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Cyber-Enabled Information Warfare and the End of the Enlightenment

You are invited to a seminar led by world renowned research scholar Dr Herb Lin.

Take this unique opportunity to hear Stanford cybersecurity expert, Dr Herb Lin, present 'Cyber-Enabled Information Warfare and the End of the Enlightenment'. Deakin’s own authority on International Security, Dr Shiri Krebs (who also hails from Stanford), will provide a commentary on the presentation focused on ‘Between Facts and Fiction in Information Warfare'.


The West has no peer competitors in conventional military power. But its adversaries are increasingly turning to asymmetric methods for engaging in conflict. This paper addresses cyber-enabled information warfare (CEIW) as a form of conflict or confrontation to which the Western democracies are particularly vulnerable. CEIW leverages the features of modern information and communications technology to age-old techniques of propaganda, deception, and chaos production to confuse, mislead, and perhaps to influence the choices and decisions that the adversary makes—and a recent example of CEIW can be seen in the Russian hacks on the U.S. presidential election in 2016. CEIW is a hostile activity, or at least an activity that is conducted between two parties whose interests are not well-aligned, but it does not constitute warfare in the sense that international law or domestic institutions construe it. Some approaches to counter CEIW show some promise of having some modest but valuable defensive effect. If better solutions for countering CEIW waged against free and democratic societies are not forthcoming, societal discourse will no longer be grounded in reason and objective reality—an outcome that can fairly be called the end of the Enlightenment.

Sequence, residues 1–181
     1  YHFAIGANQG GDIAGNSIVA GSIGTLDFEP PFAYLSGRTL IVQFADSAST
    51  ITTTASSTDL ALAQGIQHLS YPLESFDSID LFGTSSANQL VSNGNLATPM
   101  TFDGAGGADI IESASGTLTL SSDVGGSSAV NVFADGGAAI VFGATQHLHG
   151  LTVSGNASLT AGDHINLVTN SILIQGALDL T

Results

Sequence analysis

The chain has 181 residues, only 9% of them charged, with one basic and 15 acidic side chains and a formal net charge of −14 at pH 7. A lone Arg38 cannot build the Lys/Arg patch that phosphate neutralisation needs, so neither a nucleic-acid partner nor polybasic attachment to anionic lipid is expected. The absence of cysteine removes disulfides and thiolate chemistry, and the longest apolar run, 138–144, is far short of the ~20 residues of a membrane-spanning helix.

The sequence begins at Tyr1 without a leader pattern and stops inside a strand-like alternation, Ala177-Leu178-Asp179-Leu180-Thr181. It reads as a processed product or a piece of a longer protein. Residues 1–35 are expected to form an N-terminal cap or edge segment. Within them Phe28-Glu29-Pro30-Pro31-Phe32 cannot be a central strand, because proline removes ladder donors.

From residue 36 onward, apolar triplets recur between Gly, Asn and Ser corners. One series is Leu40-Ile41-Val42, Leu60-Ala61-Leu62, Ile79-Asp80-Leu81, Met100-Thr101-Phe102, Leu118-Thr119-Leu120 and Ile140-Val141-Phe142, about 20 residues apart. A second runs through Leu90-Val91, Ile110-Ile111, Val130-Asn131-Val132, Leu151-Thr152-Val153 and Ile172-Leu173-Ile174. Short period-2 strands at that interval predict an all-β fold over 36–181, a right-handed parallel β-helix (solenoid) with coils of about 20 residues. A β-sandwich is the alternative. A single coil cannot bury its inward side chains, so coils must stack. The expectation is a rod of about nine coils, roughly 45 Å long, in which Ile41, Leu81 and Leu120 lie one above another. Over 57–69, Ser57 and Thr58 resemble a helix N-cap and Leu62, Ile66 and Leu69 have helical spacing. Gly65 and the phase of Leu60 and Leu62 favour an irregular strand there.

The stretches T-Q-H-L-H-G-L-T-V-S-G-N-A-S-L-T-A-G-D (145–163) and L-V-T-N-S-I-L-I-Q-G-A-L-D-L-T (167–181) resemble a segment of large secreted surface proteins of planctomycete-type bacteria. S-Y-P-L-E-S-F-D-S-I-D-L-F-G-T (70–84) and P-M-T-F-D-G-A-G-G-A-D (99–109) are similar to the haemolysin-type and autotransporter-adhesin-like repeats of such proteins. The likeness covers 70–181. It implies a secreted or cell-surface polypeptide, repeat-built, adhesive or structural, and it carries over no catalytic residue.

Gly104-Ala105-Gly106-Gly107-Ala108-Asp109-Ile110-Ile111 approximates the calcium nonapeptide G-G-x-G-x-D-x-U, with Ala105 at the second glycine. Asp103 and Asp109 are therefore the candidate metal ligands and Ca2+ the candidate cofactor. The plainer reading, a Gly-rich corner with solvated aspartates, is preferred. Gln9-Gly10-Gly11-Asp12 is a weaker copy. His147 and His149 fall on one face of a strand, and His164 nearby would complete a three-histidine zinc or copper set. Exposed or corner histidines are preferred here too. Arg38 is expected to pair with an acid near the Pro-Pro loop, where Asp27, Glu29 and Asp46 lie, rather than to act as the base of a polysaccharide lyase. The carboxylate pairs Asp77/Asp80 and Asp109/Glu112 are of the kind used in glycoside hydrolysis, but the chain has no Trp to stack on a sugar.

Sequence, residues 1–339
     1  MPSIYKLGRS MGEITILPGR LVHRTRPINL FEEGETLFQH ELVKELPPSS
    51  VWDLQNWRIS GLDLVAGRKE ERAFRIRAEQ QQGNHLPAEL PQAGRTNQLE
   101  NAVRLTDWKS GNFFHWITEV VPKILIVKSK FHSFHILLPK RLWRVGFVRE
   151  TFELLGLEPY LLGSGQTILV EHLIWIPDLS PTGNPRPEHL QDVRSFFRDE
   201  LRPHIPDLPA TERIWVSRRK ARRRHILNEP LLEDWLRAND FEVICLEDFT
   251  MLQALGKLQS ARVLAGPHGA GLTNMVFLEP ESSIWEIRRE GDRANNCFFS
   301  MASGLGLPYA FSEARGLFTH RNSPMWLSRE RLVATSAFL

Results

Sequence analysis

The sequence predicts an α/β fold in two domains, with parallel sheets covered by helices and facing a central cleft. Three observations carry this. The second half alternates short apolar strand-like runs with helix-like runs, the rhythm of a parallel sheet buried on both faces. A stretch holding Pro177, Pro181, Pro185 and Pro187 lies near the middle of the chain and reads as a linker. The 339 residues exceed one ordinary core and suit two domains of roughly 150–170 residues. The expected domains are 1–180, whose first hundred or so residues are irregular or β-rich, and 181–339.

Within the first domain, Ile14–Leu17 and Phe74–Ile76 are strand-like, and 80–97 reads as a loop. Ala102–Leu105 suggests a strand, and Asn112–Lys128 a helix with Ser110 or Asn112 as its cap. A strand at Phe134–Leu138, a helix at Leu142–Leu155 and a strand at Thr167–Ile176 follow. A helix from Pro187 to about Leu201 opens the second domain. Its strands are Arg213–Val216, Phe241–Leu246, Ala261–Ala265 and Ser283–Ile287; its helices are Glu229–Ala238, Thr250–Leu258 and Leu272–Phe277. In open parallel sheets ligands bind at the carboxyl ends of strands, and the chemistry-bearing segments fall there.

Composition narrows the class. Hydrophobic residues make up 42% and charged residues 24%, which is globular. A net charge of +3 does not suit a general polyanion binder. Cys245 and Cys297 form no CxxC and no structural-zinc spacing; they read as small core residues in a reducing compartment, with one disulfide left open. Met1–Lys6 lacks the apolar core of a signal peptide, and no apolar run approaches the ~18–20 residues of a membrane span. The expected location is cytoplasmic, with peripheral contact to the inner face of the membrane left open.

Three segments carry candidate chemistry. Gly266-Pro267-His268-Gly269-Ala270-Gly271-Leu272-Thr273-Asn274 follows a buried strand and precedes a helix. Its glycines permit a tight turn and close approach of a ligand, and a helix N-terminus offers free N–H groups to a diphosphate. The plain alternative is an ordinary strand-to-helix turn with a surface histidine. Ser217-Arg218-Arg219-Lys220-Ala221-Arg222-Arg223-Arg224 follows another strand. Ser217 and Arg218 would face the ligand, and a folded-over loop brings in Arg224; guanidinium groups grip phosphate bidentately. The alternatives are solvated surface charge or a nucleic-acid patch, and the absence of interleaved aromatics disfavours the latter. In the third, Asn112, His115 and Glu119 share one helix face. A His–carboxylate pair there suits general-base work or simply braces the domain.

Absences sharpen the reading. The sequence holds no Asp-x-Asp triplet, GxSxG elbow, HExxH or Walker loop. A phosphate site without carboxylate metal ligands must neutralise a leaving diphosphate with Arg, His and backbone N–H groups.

Dr Herb Lin

Dr Herb Lin is senior research scholar for cyber policy and security at the Center for International Security and Cooperation and Hank J. Holland Fellow in Cyber Policy and Security at the Hoover Institution, both at Stanford University. His research interests relate broadly to policy-related dimensions of cybersecurity and cyberspace, and he is particularly interested in and knowledgeable about the use of offensive operations in cyberspace as instruments of national policy and about cyber-enabled information warfare. In addition to his positions at Stanford University, he is Chief Scientist, Emeritus for the Computer Science and Telecommunications Board, National Research Council (NRC) of the National Academies, where he served from 1990 through 2014 as study director of major projects on public policy and information technology, and Adjunct Senior Research Scholar and Senior Fellow in Cybersecurity (not in residence) at the Saltzman Institute for War and Peace Studies in the School for International and Public Affairs at Columbia University; and a member of the Science and Security Board of the Bulletin of Atomic Scientists. He recently served on President Obama’s Commission on Enhancing National Cybersecurity. Prior to his NRC service, he was a professional staff member and staff scientist for the House Armed Services Committee (1986-1990), where his portfolio included defence policy and arms control issues. He received his doctorate in physics from MIT.